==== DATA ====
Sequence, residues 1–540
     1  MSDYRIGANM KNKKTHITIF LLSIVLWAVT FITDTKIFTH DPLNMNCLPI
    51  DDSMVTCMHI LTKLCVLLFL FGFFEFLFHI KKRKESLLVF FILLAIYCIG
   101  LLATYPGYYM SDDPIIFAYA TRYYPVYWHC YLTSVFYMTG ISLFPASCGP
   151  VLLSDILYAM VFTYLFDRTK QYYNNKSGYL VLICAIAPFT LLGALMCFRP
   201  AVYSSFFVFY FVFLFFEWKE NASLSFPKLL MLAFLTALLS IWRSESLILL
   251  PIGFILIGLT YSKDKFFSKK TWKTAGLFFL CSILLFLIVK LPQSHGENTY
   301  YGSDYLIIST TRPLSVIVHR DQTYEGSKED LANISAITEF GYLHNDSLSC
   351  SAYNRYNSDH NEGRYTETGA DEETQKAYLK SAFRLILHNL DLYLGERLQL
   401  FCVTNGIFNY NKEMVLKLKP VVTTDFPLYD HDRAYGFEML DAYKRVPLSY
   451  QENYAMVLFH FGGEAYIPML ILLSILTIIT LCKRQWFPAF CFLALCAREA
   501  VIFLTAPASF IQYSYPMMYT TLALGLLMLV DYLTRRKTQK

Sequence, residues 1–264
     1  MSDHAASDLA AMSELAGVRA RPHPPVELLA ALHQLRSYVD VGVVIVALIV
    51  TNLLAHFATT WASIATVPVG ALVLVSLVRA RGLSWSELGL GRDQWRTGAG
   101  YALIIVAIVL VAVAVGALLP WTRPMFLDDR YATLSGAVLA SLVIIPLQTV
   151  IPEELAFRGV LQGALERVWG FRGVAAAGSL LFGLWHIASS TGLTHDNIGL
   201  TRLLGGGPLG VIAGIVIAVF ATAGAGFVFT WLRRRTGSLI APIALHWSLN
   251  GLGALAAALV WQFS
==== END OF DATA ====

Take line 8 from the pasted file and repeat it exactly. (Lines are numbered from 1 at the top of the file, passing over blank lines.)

   301  YGSDYLIIST TRPLSVIVHR DQTYEGSKED LANISAITEF GYLHNDSLSC